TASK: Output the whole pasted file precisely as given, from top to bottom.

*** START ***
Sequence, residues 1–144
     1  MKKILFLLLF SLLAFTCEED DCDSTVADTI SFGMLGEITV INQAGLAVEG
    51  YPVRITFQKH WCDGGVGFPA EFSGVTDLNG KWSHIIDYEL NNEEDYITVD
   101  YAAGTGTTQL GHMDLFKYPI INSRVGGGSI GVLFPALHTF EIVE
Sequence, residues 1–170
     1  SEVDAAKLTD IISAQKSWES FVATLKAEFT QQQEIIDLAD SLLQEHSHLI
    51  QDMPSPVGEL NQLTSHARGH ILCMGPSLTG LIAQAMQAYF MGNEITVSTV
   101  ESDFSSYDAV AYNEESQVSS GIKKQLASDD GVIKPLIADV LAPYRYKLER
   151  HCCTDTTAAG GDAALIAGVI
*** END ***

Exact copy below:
Sequence, residues 1–144
     1  MKKILFLLLF SLLAFTCEED DCDSTVADTI SFGMLGEITV INQAGLAVEG
    51  YPVRITFQKH WCDGGVGFPA EFSGVTDLNG KWSHIIDYEL NNEEDYITVD
   101  YAAGTGTTQL GHMDLFKYPI INSRVGGGSI GVLFPALHTF EIVE
Sequence, residues 1–170
     1  SEVDAAKLTD IISAQKSWES FVATLKAEFT QQQEIIDLAD SLLQEHSHLI
    51  QDMPSPVGEL NQLTSHARGH ILCMGPSLTG LIAQAMQAYF MGNEITVSTV
   101  ESDFSSYDAV AYNEESQVSS GIKKQLASDD GVIKPLIADV LAPYRYKLER
   151  HCCTDTTAAG GDAALIAGVI